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Fentanyl Overdose

fentanyl overdose

The birds chirped outside as you woke up in a bright hospital room. A pounding headache made you want to close your eyes and ears to the stimulus. A doctor is standing over you. He tells you that you experienced a fentanyl overdose, and he tries to convince you to stop taking fentanyl. However, you already feel the cravings. The doctor tells you that you might die if you have another fentanyl overdose. He says you could have an appointment with someone who can help in a few days, but you don’t know if you can wait that long.

In 2021, 5,174 people died from unintentional overdose in Ohio, and 80% of those involved fentanyl. Many people run into situations where they get an appointment, but it is days away. By the time the appointment comes, they have changed their minds about getting treatment. Superior Behavioral Health offers same-day appointments that allow you to start your recovery journey today. Getting treatment for fentanyl use disorder is the best way to avoid a fentanyl overdose. Today, we will discuss what it is and what to do if it occurs.

What Is a Fentanyl Overdose?

A fentanyl overdose happens when someone takes more fentanyl than their body can physically handle. It is a medical emergency that can be a fentanyl side effect. If an overdose is suspected, call 911 immediately. An overdose can happen to anyone, whether it is your first time or your 100th time taking fentanyl. It can even happen if you have taken the same dose before with no effects. Fentanyl overdoses can also occur if you do not know you are taking fentanyl. Fentanyl can be mixed with other substances to make them cheaper and more potent. In Ohio, you can use fentanyl test strips to test if the substance you are using contains fentanyl or not. If someone has experienced multiple fentanyl overdoses, it can be one of the signs of fentanyl addiction.

symptoms of a fentanyl overdose

Signs & Symptoms of a Fentanyl Overdose

Understanding the signs of a fentanyl overdose can help save someone’s life. These might include small pupils or gurgling sounds, or they might have slow and weak breathing or pulse. Their body will often be limp and unconscious, and their skin will feel cold to the touch. They might also have discolored skin around the lips and nails.

Dangers of an Overdose

A fentanyl overdose is a medical emergency, and if left untreated, it can lead to death. Naloxone can reverse the effects of a fentanyl overdose. In Ohio, you can get naloxone from a pharmacist without a prescription. It will not cause harm if an overdose isn’t happening, so it is safest to administer it when an overdose is suspected.

In The Event of an Overdose

In Ohio, under the Good Samaritan law, you can provide care to someone who requires medical attention without fearing being held liable for worsening conditions. If someone is experiencing an overdose, call 911 before you do anything else. Stay with the person until first responders come. If naloxone is available, administer it as soon as possible. If you can, keep the person awake and make sure they are breathing. If they lie down, put them on their side to prevent choking.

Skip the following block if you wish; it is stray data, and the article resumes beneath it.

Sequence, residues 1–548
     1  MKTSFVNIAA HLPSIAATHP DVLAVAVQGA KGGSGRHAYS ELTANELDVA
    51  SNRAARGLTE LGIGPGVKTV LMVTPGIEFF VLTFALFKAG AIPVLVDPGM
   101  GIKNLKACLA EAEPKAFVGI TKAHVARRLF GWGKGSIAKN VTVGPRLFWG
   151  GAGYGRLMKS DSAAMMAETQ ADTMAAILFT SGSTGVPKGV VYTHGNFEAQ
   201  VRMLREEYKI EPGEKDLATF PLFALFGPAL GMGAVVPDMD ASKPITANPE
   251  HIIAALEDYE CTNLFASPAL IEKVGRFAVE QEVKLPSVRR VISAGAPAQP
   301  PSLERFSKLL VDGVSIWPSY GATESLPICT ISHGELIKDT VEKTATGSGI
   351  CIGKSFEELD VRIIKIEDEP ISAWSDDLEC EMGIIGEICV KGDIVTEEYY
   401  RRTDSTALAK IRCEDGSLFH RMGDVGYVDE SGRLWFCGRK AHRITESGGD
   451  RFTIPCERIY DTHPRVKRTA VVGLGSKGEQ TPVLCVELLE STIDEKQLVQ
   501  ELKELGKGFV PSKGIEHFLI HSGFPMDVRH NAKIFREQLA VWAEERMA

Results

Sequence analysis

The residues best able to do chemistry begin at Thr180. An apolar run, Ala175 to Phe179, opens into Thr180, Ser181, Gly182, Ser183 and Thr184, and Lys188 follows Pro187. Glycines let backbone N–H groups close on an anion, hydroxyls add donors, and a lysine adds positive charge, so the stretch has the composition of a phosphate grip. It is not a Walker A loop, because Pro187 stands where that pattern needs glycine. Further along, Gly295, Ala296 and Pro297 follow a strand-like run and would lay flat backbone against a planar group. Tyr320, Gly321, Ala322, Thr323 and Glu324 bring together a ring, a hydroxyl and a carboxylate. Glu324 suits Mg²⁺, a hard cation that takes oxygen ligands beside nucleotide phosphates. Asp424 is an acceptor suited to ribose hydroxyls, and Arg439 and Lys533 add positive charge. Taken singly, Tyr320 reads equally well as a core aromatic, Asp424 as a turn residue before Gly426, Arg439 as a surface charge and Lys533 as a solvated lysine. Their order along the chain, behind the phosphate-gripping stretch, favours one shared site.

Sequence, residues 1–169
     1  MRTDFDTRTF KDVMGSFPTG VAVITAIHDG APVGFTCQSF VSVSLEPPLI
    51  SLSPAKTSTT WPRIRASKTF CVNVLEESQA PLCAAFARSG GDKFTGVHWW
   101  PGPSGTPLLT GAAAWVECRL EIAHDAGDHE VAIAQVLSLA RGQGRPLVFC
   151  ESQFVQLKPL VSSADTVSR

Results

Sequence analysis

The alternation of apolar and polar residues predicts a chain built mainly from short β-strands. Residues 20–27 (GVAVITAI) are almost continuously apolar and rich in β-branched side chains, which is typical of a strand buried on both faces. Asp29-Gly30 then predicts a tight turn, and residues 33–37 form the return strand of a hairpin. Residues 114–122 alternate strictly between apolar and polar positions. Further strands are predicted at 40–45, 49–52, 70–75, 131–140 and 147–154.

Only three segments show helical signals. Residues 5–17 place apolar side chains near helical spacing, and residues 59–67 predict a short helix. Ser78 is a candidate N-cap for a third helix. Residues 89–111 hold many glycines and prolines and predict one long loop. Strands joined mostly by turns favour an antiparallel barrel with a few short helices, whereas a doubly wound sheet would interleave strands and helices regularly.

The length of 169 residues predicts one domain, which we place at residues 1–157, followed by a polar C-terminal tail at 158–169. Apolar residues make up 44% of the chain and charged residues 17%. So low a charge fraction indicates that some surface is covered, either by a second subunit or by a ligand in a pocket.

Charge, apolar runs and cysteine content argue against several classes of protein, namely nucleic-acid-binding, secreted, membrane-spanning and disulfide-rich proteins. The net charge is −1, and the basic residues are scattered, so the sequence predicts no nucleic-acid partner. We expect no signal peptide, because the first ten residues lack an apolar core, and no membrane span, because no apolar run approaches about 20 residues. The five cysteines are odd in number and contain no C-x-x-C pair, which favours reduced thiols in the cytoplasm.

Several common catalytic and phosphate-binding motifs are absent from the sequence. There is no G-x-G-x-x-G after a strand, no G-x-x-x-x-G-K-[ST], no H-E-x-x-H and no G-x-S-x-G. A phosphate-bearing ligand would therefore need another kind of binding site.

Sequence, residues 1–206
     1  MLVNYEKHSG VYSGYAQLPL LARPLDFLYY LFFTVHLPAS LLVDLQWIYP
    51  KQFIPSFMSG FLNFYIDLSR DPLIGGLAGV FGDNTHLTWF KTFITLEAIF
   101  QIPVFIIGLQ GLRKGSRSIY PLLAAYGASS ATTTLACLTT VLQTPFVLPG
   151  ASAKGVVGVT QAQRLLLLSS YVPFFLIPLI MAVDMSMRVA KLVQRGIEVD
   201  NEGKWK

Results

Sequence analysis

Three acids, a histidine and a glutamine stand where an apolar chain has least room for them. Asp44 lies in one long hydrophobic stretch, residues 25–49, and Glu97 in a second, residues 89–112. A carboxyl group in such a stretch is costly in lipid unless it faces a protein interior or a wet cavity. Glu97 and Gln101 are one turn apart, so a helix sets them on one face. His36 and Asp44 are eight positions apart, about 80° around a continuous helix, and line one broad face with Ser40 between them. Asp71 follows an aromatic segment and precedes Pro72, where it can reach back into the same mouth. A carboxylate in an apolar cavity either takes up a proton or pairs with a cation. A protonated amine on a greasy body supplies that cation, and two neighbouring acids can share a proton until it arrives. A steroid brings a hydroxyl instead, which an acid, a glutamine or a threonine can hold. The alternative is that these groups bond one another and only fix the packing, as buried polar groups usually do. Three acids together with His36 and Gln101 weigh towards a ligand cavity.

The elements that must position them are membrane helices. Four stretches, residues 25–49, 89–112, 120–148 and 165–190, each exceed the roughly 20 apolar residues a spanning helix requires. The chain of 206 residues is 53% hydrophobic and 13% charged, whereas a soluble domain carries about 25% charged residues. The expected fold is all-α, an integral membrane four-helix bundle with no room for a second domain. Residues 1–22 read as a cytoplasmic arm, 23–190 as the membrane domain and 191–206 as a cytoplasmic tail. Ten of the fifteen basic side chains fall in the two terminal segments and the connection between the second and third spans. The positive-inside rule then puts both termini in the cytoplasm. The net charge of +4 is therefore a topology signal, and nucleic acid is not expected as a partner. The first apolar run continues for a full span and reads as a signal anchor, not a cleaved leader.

Who Is at Risk of a Fentanyl Overdose?

Anyone who uses fentanyl is at risk for an overdose. All it takes is one dose. It doesn’t matter if it is your first time taking fentanyl or if you’ve been taking fentanyl for years – an overdose can happen at any time. However, some factors can play a role in increasing one’s odds of experiencing an overdose.

Risk Factors for Fentanyl Overdose

People might experience an overdose if they have undergone fentanyl treatment in the past and have returned to use. An overdose occurs because after they have experienced fentanyl withdrawals, their body is unable to handle as much fentanyl as they were once tolerant to. Many people, when they return to use, think that they can use the same amount as before they went into treatment. Other risk factors that might increase one’s chances of having an overdose include a history of overdoses. If you have had one overdose in the past, you are more likely to have another one. Suppose you mix fentanyl with other substances, such as alcohol or cocaine. In that case, you have a higher chance of experiencing an overdose. Physical health concerns such as HIV, heart disease, and hepatitis can result from fentanyl use and an overdose.

risk of a fentanyl overdose

Get Treatment for Fentanyl Use at Superior Behavioral Health

The best way to prevent a fentanyl overdose from happening is to seek treatment. Treatment can seem like a terrifying experience, but it can also be gratifying. You do not have to reach recovery from fentanyl on your own. Located in Garfield Heights, OH, Superior Behavioral Health helps you build solid foundations for your recovery. We are a small, intimate facility, meaning we can help you as an individual achieve the goals you have for yourself and your recovery journey. For more information or to get started today, call us at 216-435-1110.

FAQs About Fentanyl Overdose

How many people have died from fentanyl?

In 2021, 70,601 people died from fentanyl across the US.

How does Narcan work?

Narcan, also known as naloxone, reverses an overdose caused by opioids by blocking the effects and restoring breathing. It only works if opioids are in the person’s system and does not cause harm if an overdose is not occurring